It doesn’t look very different to an Evo 2, does it? In 1994 a set of 17in MiM TecnoMagnesio wheels would have been the only differentiator, but these have disappeared with the mists of time. But underneath the skin, this car is exactly how Maggiora wanted the Evo 3 to be. The 1995cc four-cylinder engine is largely unchanged, but thanks to a new injection system, a more sophisticated IAW P8 ECU and an increase in boost for the Garrett T3 turbocharger to more than 1bar, power is up from 215bhp to 237bhp at 6000rpm, with 236lb ft of torque between 2500 and 6000rpm. The boost in performance is relatively small, but in combination with a faster-acting GKN limited-slip diff for the front axle, a new clutch for the centre diff, a short-shift gearchange and revised springs and dampers, the overall effect is said to be transformative.
But then the owner of this car, Werner Blaettel, and the bloke trying to sell it on his behalf for £85,000, Nick Johnson of the Nick Johnson Motor Company, would say that. Fortunately, Blaettel is wholly relaxed about us driving this unique Integrale, and although we’re not about to destroy its very hard looking and heaven-knows-how-old 205/50 ZR15 Pirelli P700s, he knows a decent road nearby where we can feel the full power of the engine and, perhaps, get a sense of whether this prototype really moved the game on.
Lancia’s all-conquering Evoluzione rally hero might be over 20 years old now and it might not look quite as wild as it once did, but that heaving louvred bonnet, those sharp box ’arches and the 45-degree roof spoiler are deeply evocative. It’s still one of those shapes that sets off fireworks in your stomach. It’s a people’s F40 – there’s a pure and beautiful functionality running through every crease, slash and hump. The thin, flat doors betray the humble origins of the Integrale and feel like they’re inset a good 6in from the outer edge of those wheelarches. It’s a nice reminder that this basic shape dates back to 1979, which suitably lowers your expectations just before you see the interior…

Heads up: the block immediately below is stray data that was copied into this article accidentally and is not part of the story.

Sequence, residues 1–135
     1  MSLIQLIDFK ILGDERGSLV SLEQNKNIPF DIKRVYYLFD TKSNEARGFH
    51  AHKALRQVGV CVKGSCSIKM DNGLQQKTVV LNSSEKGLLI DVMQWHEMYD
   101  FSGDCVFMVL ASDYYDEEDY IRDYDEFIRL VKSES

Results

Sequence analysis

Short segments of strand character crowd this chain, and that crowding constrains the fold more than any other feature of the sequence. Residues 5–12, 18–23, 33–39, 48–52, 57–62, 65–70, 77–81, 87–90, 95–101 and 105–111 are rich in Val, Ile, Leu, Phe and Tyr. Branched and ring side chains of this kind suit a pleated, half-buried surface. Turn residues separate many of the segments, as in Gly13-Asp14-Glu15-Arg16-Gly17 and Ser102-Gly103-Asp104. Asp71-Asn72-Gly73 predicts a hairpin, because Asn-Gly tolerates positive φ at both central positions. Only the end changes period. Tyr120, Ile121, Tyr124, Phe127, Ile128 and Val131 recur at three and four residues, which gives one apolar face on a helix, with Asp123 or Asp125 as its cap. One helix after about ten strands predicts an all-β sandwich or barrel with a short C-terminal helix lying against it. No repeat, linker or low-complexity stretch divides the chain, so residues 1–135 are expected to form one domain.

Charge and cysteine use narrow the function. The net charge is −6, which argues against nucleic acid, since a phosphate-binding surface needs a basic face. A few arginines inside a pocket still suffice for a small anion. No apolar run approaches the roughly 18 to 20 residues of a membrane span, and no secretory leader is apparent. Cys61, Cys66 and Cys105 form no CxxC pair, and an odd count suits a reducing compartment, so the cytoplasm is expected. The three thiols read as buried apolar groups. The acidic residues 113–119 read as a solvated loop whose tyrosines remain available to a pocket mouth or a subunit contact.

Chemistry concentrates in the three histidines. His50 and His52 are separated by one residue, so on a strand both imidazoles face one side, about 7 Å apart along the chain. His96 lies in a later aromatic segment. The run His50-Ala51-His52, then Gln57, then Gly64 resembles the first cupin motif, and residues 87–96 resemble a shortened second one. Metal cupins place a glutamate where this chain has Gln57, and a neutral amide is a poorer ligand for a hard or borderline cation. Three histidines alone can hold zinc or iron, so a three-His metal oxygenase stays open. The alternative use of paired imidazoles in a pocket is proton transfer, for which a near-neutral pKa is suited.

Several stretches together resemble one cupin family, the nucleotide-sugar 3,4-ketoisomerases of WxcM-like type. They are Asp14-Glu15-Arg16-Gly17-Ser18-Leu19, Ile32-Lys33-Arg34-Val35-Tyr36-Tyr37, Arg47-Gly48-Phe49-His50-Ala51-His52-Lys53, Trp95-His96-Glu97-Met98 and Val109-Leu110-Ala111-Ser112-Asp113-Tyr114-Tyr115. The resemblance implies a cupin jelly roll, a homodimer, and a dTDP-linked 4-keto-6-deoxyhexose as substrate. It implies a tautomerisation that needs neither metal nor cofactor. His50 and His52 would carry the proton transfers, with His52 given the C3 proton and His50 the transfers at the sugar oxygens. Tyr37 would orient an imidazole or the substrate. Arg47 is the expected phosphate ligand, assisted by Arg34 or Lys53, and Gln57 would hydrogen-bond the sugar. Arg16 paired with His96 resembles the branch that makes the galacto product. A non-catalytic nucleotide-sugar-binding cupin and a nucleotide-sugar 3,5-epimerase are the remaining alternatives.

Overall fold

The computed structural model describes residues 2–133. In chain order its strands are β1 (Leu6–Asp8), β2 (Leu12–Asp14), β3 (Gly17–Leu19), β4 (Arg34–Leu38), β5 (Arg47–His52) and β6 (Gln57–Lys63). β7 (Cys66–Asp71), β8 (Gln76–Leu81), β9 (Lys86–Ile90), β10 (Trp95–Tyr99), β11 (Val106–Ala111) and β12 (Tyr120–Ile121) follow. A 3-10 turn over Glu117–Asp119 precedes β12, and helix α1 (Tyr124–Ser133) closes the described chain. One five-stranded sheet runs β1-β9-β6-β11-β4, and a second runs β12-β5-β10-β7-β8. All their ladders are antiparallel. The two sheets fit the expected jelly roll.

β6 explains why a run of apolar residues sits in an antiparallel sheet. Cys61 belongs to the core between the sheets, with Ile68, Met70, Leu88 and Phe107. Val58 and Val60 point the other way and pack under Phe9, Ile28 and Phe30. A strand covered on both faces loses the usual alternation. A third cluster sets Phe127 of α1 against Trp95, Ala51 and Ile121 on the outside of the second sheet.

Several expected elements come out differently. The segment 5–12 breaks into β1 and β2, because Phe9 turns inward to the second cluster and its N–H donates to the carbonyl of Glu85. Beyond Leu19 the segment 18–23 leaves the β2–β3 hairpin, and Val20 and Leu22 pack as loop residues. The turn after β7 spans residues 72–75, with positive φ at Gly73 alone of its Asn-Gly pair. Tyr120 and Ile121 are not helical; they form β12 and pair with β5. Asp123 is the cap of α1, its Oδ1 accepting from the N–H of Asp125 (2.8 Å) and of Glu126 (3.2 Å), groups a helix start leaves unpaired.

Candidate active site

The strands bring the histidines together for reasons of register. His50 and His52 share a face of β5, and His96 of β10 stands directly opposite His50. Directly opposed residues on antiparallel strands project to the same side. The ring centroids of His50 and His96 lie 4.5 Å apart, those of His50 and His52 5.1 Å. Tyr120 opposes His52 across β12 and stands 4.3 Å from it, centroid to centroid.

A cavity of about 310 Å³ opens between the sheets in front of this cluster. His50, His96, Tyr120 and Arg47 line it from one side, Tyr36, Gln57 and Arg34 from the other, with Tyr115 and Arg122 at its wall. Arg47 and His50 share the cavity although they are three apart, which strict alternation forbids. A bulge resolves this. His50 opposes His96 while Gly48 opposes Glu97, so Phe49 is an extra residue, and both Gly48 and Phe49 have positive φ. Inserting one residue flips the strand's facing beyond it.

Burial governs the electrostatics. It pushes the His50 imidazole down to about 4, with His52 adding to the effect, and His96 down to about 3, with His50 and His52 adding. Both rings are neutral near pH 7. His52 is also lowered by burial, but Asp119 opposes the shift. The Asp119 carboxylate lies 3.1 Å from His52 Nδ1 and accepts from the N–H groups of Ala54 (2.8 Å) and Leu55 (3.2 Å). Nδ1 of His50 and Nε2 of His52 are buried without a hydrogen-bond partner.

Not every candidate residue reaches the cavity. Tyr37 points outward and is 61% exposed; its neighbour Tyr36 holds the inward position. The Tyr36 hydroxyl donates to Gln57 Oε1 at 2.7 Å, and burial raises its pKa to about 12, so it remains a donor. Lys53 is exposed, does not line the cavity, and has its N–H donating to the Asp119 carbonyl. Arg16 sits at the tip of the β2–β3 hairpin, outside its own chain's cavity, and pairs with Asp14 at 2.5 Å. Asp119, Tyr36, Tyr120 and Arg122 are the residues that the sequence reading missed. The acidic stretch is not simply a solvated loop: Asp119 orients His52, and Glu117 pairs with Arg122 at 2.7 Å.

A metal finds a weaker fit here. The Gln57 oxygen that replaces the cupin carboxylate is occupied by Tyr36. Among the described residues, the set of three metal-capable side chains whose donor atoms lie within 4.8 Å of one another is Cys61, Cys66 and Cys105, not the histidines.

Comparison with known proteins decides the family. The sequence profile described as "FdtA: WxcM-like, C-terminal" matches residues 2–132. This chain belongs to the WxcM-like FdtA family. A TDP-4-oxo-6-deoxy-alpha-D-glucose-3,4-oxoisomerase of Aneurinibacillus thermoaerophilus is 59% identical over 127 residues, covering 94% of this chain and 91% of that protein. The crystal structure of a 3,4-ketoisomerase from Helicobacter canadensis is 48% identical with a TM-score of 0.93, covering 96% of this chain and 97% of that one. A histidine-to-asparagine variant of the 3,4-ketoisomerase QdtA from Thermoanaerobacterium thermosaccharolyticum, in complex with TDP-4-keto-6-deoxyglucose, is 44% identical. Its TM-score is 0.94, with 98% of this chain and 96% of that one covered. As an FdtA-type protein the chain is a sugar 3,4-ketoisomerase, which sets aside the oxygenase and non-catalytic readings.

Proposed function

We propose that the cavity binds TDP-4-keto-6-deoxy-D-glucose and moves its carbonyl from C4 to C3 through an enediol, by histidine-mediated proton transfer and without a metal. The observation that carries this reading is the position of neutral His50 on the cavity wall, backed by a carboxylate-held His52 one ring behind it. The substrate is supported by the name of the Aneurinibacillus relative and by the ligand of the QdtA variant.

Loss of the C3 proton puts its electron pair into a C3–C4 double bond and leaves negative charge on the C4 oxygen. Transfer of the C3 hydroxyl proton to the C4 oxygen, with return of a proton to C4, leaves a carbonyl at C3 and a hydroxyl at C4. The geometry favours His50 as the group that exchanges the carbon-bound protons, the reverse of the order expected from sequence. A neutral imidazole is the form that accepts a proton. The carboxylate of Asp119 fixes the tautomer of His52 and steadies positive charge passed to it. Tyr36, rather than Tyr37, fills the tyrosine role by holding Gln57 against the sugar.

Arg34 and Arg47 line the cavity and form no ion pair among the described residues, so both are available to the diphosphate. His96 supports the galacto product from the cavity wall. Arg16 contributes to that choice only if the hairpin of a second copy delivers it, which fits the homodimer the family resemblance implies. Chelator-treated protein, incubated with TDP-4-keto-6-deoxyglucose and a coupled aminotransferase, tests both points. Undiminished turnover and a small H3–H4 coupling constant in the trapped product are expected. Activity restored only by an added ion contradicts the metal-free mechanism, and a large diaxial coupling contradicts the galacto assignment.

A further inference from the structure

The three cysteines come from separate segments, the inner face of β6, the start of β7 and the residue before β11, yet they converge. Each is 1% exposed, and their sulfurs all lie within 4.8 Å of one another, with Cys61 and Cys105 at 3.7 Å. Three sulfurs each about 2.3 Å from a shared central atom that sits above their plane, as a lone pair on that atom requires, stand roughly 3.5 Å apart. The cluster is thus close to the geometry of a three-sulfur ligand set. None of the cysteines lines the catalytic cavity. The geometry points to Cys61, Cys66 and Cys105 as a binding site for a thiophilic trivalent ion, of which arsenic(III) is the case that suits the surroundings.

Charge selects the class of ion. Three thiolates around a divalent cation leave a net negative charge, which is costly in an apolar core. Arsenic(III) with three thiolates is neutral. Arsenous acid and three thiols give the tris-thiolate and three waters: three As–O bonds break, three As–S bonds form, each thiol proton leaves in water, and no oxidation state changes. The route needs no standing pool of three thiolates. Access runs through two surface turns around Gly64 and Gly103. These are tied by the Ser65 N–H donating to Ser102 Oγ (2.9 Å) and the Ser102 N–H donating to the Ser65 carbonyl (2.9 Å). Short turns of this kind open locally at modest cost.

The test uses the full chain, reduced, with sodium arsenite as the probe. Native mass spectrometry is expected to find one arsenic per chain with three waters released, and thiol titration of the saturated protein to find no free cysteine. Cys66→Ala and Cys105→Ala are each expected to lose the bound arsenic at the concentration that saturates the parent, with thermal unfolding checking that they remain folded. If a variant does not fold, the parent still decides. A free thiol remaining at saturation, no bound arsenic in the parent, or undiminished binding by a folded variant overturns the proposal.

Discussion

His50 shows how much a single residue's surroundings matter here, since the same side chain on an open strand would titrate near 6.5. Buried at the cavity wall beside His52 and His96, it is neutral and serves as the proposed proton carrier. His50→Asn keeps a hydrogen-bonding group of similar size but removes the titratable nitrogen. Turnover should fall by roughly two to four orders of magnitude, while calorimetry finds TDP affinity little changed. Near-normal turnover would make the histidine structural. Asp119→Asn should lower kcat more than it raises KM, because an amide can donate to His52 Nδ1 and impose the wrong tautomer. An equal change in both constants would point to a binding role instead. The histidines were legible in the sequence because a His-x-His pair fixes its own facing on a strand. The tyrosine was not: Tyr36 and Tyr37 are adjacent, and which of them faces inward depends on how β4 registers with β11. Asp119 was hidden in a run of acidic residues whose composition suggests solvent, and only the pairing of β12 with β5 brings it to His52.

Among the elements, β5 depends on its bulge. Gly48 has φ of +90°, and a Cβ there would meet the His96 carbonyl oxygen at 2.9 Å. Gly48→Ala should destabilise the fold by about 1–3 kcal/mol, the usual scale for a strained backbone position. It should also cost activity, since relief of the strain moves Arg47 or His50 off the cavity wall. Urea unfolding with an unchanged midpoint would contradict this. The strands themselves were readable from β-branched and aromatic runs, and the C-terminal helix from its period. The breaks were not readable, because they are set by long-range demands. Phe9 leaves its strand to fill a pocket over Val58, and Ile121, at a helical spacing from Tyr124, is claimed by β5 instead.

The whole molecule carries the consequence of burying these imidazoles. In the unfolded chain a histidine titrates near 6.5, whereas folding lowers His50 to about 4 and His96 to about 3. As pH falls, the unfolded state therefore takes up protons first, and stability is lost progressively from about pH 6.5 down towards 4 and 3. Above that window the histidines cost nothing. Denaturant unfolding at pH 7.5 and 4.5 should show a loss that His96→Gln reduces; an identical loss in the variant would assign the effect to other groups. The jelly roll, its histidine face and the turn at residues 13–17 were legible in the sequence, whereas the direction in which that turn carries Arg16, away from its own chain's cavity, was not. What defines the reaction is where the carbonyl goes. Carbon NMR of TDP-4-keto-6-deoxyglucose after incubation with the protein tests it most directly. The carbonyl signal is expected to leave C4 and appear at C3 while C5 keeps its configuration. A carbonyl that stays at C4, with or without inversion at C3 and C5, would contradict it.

Wow. The instrument binnacle literally looks like it’s been made out of a shoebox that’s been tightly wrapped in black, shiny plastic and plonked on top of an equally shiny plastic shelf. But I’m a sucker for the yellow graphics of the dials. The speedo is to the left with 0kph at the 9 o’clock position, sweeping around to 240kph (149mph) at 6 o’clock. On the right, the rev counter runs from 0rpm at 3 o’clock to a big red 9 at the 12 o’clock position. Dead ahead, and right where your eyes naturally fall, is a boost gauge reading up to 1.2bar.
Attached to the horizontal shoebox is a vertical one that drops down to the transmission tunnel, but it’s trimmed in carbonfibre. Horacio Pagani might not want to hang this hunk of smudgy-weaved material on his wall, but it was 1994 and Maggiora must have had a tiny budget to make the proposed Evo 3 feel a bit special. I rather like it and can imagine a proud employee gluing it into position and then standing back to admire his bit of carbon jewellery.